Simon Peyton Jones (00:06:07): So in effect, in Excel, the computation is laid out in space rather than being laid out in time. One thing we learn from this is that functional programming languages don't have the same notion of a program counter and sequence and time that imperative languages do.

Simon Peyton Jones (00:06:20): In some ways a surprise then is that those little formulae that connect the value of one cell to another, but you don't say, "Equals A1 plus print hello." That wouldn't really make sense.

Simon Peyton Jones (00:06:31): When would that print hello, get printed? Well, whenever the Excel's computation engine decided to reevaluate that formula. But by design, we don't specify the order in which cells get reevaluated, we expect Excel to work it out using the data dependencies.

Simon Peyton Jones (00:06:46): And it could do them in parallel. Indeed, in some versions of Excel, do exactly that. So there is no notion of sequence if that's going to be done in parallel. There's no notion of side effects.

Simon Peyton Jones (00:06:55): That is evaluating a formula typically does not cause a side effect. That is something to happen elsewhere in the world, launch the missiles or print something.

Rob Collie (00:07:03): We hope not.

Simon Peyton Jones (00:07:03): That's attacking the entire fabric of computation. If you're writing a Python program, how do you compute the sum of the numbers between one and N?

Rob Collie (00:07:11): A for loop.

Simon Peyton Jones (00:07:11): You're going to write a for loop, which involves mutating a variable, which is a location that is value changes over time. So the very fabric of how you get computation done involves this mutation of state idea.

Simon Peyton Jones (00:07:26): Mathematicians don't do this. They just define functions that are simply pure functions. You give them the same input, they'll always give the same output and Excel formulae also exactly like this.

Simon Peyton Jones (00:07:36): They simply take inputs and they produce an output. And if you give them the same inputs, they'll produce the same outputs without side effects.

Simon Peyton Jones (00:07:41): I'm sweeping random numbers under the carpet here, that's a little dot corner of Excel. But to first approximation, what I'm saying is true. So Excel is in fact the world's most widely used functional programming language.

Rob Collie (00:07:52): Oh, yeah. It's the world's most widely used programming language full stop.

Simon Peyton Jones (00:07:56): Yeah. So it's quite funny that the most widely used programming language is a functional one, right?

Rob Collie (00:08:00): Yeah. I know.

Simon Peyton Jones (00:08:01): Because functional programming was previously was largely regarded as pretty niche, right?

Rob Collie (00:08:06): Yeah.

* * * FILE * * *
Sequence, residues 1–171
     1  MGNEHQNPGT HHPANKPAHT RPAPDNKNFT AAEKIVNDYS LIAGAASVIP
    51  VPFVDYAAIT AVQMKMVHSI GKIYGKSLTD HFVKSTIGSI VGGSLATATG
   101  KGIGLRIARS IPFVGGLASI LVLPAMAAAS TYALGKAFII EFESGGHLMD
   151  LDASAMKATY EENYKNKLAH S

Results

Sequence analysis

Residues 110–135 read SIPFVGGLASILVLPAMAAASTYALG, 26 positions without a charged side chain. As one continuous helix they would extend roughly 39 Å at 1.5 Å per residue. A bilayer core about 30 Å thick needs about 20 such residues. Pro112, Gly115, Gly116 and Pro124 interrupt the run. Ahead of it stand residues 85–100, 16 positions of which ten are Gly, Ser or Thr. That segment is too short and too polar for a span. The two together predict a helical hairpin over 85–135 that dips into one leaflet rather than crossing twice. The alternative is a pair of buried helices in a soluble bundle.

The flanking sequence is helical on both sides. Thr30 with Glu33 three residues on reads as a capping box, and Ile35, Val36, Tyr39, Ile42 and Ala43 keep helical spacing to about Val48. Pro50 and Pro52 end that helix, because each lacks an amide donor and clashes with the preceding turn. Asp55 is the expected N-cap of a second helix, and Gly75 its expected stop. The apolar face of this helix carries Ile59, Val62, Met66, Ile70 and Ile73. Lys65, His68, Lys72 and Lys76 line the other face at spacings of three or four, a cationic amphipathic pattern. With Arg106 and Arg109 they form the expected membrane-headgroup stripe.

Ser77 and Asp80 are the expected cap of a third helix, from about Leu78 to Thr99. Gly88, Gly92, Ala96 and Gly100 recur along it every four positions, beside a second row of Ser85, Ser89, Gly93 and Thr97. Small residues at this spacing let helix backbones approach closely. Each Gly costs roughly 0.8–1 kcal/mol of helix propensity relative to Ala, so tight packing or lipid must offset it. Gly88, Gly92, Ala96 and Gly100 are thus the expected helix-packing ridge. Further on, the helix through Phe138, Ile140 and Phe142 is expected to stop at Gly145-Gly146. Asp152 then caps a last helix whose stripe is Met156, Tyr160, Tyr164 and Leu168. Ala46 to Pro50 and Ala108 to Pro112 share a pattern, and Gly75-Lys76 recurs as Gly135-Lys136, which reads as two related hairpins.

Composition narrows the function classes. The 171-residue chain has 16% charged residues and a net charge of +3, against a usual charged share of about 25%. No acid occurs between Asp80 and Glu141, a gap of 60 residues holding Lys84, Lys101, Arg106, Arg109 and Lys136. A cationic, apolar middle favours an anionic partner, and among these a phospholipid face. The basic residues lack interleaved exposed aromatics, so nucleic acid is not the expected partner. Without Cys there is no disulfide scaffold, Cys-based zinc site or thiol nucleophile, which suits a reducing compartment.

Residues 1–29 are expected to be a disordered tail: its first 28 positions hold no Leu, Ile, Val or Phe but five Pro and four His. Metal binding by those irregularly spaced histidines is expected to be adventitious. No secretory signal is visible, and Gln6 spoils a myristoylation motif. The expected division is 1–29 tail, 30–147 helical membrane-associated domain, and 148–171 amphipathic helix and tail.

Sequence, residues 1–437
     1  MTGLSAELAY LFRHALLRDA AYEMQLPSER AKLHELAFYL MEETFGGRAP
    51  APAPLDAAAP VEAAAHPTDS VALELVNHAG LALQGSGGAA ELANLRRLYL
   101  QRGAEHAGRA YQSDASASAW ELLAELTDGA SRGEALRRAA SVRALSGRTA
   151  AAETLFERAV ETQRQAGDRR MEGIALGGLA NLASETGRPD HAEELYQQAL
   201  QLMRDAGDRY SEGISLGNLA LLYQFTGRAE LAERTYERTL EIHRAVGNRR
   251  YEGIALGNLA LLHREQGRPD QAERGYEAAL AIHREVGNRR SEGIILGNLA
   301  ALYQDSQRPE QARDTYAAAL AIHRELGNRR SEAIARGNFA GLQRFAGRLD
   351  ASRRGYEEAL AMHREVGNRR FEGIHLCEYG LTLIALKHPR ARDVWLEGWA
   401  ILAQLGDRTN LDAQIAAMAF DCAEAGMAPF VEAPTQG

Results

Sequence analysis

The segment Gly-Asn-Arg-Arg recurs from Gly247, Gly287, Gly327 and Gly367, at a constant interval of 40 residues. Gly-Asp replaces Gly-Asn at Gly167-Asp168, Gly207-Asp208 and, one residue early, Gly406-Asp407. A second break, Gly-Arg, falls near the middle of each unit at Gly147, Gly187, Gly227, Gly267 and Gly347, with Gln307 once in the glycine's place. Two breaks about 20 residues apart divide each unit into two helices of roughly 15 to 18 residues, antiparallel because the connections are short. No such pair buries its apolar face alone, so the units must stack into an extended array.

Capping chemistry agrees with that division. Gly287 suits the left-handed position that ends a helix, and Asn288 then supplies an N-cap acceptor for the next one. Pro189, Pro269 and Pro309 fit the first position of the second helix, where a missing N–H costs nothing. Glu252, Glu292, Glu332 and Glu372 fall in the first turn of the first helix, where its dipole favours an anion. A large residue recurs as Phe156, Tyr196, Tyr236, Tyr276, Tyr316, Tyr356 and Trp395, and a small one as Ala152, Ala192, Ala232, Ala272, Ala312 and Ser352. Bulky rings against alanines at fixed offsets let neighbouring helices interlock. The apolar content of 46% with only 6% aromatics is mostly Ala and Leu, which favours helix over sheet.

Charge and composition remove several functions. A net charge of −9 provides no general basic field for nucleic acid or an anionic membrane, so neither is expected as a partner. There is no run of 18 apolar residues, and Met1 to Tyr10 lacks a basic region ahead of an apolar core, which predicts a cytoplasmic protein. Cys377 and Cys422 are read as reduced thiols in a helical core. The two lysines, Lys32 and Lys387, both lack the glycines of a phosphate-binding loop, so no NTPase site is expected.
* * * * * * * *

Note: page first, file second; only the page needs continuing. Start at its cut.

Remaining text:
Simon Peyton Jones (00:08:06): Pretty specialist. Pretty academic. But actually it's the thing that most people do. And so I think we don't have to apologize to explain, we just say this is the very natural way to get computation done.

Simon Peyton Jones (00:08:15): Now the surprises that you can take what appears to be a very limited computational paradigm, Excel formula, and you can scale it up to do anything.

Simon Peyton Jones (00:08:27): So it looks as if Python is fundamentally more powerful than Excel, right? But it isn't really, because what we learned from the foundations of computation at the very same time that Turing was developing the Turing machine, which if you like, is the most fundamental embodiment of imperative programming, a step at a time, mutate the tape, read a cell, write a cell.

Simon Peyton Jones (00:08:47): The very same time actually in the very same place, because he was at Princeton at the time, Alonzo Church was developing the lambda calculus, which is the foundations of functional programming that didn't involve any mutation.

Simon Peyton Jones (00:08:58): So the same time these two fundamental ways of thinking about what it even means to compute were being developed at the same time.

Simon Peyton Jones (00:09:05): But it turned out that anything you could do in one, you could do in the other. So they were equally powerful. Precisely, equally powerful.

Rob Collie (00:09:11): That's fascinating, because I was going to say I was forced to, but actually I think I volunteered for it. I took a course in my computer science degree program that was on Automata theory.

Rob Collie (00:09:22): And when we learned about the tapes and the Turing machine, I don't remember really taking anything away from that experience other than I thought it was good brain candy. I didn't translate it into any professional value anyway.